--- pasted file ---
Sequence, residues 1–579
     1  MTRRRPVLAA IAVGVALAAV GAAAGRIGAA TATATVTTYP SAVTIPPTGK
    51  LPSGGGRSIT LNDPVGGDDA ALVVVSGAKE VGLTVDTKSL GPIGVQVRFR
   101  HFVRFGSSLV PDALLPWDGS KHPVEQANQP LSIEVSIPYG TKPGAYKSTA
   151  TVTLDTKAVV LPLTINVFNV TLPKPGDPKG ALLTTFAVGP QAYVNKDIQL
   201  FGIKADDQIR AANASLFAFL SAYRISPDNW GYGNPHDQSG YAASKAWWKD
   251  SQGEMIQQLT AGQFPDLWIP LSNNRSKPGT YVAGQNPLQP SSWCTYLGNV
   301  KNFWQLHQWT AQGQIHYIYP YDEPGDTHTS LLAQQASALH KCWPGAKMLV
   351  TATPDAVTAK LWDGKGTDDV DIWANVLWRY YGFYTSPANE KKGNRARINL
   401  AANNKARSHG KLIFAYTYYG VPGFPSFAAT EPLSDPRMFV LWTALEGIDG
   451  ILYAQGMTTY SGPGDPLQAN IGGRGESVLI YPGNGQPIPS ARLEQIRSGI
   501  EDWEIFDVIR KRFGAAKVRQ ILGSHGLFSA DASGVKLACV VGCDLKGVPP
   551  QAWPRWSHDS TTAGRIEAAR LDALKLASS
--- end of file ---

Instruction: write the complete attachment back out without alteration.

Sequence, residues 1–579
     1  MTRRRPVLAA IAVGVALAAV GAAAGRIGAA TATATVTTYP SAVTIPPTGK
    51  LPSGGGRSIT LNDPVGGDDA ALVVVSGAKE VGLTVDTKSL GPIGVQVRFR
   101  HFVRFGSSLV PDALLPWDGS KHPVEQANQP LSIEVSIPYG TKPGAYKSTA
   151  TVTLDTKAVV LPLTINVFNV TLPKPGDPKG ALLTTFAVGP QAYVNKDIQL
   201  FGIKADDQIR AANASLFAFL SAYRISPDNW GYGNPHDQSG YAASKAWWKD
   251  SQGEMIQQLT AGQFPDLWIP LSNNRSKPGT YVAGQNPLQP SSWCTYLGNV
   301  KNFWQLHQWT AQGQIHYIYP YDEPGDTHTS LLAQQASALH KCWPGAKMLV
   351  TATPDAVTAK LWDGKGTDDV DIWANVLWRY YGFYTSPANE KKGNRARINL
   401  AANNKARSHG KLIFAYTYYG VPGFPSFAAT EPLSDPRMFV LWTALEGIDG
   451  ILYAQGMTTY SGPGDPLQAN IGGRGESVLI YPGNGQPIPS ARLEQIRSGI
   501  EDWEIFDVIR KRFGAAKVRQ ILGSHGLFSA DASGVKLACV VGCDLKGVPP
   551  QAWPRWSHDS TTAGRIEAAR LDALKLASS